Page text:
LearningNews19 April 2021by Te ManawaWhat did we find in our BUGS! garden?

As BUGS! Our Backyard Heroes draws to a close, Kirsty from the Learning team surveys the success of one of her programmes

During BUGS! Our Backyard Heroes, the Learning team built a bug magnet: in the Te Manawa courtyard we grew – and overgrew – a garden. This let visiting learners to take part in an ecological field study as citizen scientists. We had 19 groups take part in the study, examining the diversity of insect life in our small corner of nature and recording data.

We talked about biodiversity, ecological niches, the food chain, the complexity of the ecosystem, field study science and how and why we would like to attract bugs into our lives (I also told a bunch of kids to go home and tell their caregivers to stop mowing a section of the lawn! Ha!).

The short time that our learners are with us makes it hard for us to do anything that is not instant. This programme was presented as being part of a bigger study, or a citizen science approach to data collection. We will be providing the data from our findings to the teachers to use in a number of different ways.

Data is an interesting thing, and when you give children permission to identify and record information the results are just as interesting!

As this was more a lesson in ecological field work rather than a genuine study of the insect garden I allowed the kids to record the data as they wanted.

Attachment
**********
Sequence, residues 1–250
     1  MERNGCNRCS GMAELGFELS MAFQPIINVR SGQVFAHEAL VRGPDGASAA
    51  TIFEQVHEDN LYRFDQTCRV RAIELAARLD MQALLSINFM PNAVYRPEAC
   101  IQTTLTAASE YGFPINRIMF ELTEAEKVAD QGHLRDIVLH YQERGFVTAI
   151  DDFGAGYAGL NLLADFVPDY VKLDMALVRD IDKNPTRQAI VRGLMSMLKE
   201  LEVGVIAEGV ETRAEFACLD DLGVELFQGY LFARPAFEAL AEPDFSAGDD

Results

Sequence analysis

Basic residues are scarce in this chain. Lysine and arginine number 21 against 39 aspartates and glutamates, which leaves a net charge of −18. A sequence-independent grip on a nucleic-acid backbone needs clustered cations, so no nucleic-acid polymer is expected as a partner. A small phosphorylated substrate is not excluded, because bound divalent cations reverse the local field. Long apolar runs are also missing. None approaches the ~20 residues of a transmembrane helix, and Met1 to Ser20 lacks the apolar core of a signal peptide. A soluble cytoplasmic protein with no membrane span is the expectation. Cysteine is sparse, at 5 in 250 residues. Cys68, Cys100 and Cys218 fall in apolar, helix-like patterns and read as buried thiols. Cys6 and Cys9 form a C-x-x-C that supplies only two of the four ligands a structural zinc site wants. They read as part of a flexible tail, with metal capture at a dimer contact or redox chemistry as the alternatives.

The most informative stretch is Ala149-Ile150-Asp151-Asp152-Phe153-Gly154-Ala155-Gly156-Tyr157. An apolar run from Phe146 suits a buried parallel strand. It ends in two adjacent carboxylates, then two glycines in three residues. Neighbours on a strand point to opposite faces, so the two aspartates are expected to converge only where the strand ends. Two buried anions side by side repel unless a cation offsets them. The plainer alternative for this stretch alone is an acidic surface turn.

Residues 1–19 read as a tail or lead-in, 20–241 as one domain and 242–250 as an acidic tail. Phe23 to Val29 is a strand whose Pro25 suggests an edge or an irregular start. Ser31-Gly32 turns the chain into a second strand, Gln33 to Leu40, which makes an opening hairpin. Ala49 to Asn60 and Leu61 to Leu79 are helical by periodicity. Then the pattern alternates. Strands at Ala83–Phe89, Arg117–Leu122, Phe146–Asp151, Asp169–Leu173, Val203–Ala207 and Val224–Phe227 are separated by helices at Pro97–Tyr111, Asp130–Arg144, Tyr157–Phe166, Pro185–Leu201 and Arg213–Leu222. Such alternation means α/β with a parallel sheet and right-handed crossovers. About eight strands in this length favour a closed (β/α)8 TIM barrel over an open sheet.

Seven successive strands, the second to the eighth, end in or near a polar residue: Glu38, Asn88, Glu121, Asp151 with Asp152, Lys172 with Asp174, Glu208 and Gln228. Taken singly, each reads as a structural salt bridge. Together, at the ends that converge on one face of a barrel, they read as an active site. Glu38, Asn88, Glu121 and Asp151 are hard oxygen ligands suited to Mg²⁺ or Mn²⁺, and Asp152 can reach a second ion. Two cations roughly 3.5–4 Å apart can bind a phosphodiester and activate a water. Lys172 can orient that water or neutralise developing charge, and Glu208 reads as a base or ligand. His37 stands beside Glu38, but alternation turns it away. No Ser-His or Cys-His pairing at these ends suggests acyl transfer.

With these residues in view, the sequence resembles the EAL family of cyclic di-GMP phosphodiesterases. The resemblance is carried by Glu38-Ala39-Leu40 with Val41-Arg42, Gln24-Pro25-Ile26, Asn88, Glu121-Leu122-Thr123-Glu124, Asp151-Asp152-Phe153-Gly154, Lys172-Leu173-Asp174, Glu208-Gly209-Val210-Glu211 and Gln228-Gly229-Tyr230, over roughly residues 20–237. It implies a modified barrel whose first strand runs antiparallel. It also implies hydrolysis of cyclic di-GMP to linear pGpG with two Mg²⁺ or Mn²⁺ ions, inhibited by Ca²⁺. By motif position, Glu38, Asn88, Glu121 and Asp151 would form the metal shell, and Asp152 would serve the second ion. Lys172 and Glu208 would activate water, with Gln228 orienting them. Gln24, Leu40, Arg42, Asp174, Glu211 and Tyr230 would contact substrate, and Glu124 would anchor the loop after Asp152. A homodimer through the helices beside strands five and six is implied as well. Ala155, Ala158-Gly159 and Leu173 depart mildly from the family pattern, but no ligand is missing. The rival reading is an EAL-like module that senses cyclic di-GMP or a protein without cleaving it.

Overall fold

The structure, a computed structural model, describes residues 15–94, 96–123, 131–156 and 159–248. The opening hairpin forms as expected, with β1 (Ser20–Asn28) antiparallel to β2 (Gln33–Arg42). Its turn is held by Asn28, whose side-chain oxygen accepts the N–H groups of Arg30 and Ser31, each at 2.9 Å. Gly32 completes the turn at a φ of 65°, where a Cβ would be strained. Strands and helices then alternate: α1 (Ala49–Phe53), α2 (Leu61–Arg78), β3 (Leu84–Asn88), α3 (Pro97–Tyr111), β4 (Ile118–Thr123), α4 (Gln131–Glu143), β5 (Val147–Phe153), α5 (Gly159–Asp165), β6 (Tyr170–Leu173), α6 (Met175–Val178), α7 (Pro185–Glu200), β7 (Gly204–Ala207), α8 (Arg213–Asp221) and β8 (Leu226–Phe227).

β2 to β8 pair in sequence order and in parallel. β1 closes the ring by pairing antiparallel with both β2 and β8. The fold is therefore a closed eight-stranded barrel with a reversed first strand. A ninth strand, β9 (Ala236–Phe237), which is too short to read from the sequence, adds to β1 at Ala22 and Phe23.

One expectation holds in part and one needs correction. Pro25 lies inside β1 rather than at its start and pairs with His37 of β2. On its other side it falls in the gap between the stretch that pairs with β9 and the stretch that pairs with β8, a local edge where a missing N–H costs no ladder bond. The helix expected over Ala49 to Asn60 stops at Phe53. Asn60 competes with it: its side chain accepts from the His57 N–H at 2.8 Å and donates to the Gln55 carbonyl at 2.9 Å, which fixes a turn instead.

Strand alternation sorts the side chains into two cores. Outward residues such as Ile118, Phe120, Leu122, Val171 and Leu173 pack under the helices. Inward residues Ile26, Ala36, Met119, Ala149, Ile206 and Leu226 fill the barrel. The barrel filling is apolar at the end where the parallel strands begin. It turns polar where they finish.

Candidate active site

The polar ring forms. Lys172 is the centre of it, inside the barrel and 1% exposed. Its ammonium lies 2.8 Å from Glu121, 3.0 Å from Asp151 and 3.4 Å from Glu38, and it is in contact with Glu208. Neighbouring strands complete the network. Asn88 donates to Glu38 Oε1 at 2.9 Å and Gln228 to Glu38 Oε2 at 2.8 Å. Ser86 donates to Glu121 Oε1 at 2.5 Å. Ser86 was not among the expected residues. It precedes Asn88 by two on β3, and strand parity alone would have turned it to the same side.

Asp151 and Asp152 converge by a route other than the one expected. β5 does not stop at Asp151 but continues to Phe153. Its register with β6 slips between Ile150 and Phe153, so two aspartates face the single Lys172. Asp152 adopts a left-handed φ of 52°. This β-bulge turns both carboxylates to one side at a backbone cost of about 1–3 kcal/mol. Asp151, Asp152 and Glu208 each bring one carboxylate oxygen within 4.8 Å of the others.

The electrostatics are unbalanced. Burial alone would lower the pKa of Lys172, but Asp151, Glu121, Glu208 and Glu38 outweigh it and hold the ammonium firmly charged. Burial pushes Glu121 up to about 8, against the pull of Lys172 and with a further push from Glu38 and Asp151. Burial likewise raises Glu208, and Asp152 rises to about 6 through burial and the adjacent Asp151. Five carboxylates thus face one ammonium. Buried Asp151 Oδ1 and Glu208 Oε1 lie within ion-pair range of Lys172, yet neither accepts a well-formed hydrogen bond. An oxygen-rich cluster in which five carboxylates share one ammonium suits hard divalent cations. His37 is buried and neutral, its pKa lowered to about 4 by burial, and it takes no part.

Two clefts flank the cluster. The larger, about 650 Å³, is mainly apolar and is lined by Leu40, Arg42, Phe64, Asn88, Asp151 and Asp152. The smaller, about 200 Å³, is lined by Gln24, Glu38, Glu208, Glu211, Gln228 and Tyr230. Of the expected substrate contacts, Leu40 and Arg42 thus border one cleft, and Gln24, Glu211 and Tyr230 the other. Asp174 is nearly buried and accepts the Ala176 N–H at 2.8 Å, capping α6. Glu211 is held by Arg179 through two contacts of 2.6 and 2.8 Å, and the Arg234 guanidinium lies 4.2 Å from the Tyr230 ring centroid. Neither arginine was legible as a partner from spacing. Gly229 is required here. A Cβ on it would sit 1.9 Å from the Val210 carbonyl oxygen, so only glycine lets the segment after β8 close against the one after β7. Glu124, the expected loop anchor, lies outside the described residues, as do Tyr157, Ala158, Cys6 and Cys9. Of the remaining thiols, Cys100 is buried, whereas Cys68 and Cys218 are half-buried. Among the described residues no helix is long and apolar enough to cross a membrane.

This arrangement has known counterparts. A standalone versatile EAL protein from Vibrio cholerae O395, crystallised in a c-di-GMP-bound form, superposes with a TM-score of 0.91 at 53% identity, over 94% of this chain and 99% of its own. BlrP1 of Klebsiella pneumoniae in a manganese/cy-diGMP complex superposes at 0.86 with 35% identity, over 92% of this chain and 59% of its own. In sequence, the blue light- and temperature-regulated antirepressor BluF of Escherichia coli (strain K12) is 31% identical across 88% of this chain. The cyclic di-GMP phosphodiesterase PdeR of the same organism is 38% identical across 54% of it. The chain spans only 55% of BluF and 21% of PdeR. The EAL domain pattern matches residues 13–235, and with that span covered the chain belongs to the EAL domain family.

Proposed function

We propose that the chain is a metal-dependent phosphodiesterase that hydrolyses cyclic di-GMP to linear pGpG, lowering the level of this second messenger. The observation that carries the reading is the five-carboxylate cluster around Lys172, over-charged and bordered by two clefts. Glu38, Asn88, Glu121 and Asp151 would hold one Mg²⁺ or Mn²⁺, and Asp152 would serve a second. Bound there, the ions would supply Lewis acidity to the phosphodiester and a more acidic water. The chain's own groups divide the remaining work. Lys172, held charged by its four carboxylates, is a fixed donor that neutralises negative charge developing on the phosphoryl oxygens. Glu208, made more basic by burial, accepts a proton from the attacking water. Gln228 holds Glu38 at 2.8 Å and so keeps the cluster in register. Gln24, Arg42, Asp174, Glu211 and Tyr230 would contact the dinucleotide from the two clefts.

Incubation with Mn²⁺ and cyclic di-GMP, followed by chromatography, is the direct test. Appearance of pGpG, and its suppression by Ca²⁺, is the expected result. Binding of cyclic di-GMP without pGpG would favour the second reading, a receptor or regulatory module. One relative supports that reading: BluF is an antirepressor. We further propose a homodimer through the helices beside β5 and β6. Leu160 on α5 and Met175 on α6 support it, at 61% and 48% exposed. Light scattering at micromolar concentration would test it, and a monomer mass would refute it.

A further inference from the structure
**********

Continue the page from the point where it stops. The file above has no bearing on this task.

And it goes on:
Some points to note: many of the groups recorded that they saw ‘moths’ which is interesting as we were always doing the study during the day – the reason being that children would universally identify passionvine hoppers as moths)

We did have a lot of Monarch butterflies live their formative lives out in the garden though this data was not captured due to the majority of the monarch action occurring outside of the school term.

The data is pretty interesting! I made this graphic to send along with the raw data. The number represents the number of groups (out of 19) who reported seeing this kind of bug.

There are heaps of interesting ways to look at the info. We saw seasonal changes in populations due to half of the studies occurring before the Christmas/summer break and the other half in the new year. Roughly speaking, a spring study versus an autumn study.

In total we saw 48 different species of ‘bugs’ in our garden – pretty impressive for an inner-city square of nature!

Now the big question is what are we to do with the garden post-BUGS!? Any ideas? I’m keen to make this space work for other programmes and visitors. Let me know what you think!

A table of results on a whiteboard, filled in by children

“Light Pink Spider”! I loved the details the children recorded with some entries